The Missing 19 Percent
May 1, 2008
Walk into any large grocery store, stop and look around you. Notice the variety of colors, shapes and sizes of different products. Notice the sparkling floors. Notice how the shelves are all lined up as if someone had put a yard stick against the front row of products. The store is designed and set up to say to shoppers, “BUY STUFF.”
Marketing experts put stores together that way because they recognize that neat, tidy and clean sell groceries.
Now drive down the street and look for a FOR RENT sign. Once you find it, look at the property that is for rent. Is it neat and tidy? Does the exterior look crisp and sharp? Is it clean? Does it shout to prospective tenants, “ RENT ME!”?
Some properties do. Many don’t. Some say “rent me” at about the volume a whisper from 30 feet away.
The American Housing Survey from the US Census Bureau found that 19 percent of tenants had used the exterior appearance of their new home as a determining factor as to whether they would rent consider renting it.
It often costs little to make the exterior of your properties look inviting to prospective tenants, and for that matter, existing tenants. But how do you know if your properties say “ RENT ME!” or “DRIVE FAST AND GET AWAY BEFORE I GET SOME ON ME!”? Here’s a simple exercise that Janet Wickell writes about in Your Guide to Home Buying/Selling.
First, view your property from the same position a prospective tenant would. That could be across the street, directly in front, from the parking area in front or at the side, or wherever someone would normally drive or walk up.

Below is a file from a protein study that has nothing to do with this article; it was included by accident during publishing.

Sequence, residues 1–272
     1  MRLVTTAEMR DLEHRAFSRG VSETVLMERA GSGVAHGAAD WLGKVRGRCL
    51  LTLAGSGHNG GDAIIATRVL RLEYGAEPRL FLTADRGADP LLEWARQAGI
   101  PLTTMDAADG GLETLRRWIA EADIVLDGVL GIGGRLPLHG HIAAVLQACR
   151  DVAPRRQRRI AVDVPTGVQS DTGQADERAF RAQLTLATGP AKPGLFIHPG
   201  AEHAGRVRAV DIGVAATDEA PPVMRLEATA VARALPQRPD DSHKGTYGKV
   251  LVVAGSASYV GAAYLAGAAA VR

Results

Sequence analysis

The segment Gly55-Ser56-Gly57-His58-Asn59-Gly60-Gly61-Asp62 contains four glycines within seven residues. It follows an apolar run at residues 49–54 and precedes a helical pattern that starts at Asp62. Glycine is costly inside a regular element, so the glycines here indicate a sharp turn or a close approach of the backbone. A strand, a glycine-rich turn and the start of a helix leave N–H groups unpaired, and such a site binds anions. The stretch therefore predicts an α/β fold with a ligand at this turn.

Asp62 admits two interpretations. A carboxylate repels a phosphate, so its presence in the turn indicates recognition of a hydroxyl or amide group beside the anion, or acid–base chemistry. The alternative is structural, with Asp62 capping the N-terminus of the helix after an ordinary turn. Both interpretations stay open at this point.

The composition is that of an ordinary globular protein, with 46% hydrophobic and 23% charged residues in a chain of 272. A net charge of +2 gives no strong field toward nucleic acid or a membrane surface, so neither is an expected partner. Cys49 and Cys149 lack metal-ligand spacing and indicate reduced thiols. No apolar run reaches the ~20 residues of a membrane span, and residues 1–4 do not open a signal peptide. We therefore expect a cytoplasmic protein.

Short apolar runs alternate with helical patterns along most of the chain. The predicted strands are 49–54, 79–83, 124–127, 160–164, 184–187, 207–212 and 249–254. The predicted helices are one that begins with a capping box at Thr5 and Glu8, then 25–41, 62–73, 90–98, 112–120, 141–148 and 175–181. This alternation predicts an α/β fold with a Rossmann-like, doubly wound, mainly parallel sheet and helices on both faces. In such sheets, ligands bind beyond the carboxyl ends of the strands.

Now ask yourself the following questions:
What is my first impression of the building and the yard?
What are the best exterior features of the building or lot? How can I enhance them?
What are the worst features of the building or lot? How can I minimize or improve them?
Park where your prospective tenant would park and walk toward the building, looking around as if it were your first visit. Is the path clean and tidy?
Make a list of your positive and negative impressions of your property’s appearance.
Use a digital camera to take photos of the property’s exterior. View the color version first, then switch to grayscale, because, without color affecting our senses, it is easier to see problems
Now go around to the back of the property if it’s visible from the street behind or another property. Go through the same exercise.
What are the most common issues that contribute to less-than-ideal curb appeal? Ms. Wickell lists the following:
Mold and mildew on the house, sidewalks, roof or driveway
Yard and garden tools strewn around the property
Dirty windows and gutters
Dirty sidewalks and driveways
Untrimmed edges on walkways, and vegetation between concrete sections and bricks
Shaggy lawns and weeds
Tree limbs touching the roof or interfering with walkways
For more ideas about this subject visit http://www.realchoicerg.com/sellers.
Do these simple exercises and act on what you find by correcting the deficiencies, and you can add up to 19 percent to the number of prospective tenants stopping their cars, calling you, visiting your website or knocking on your office door.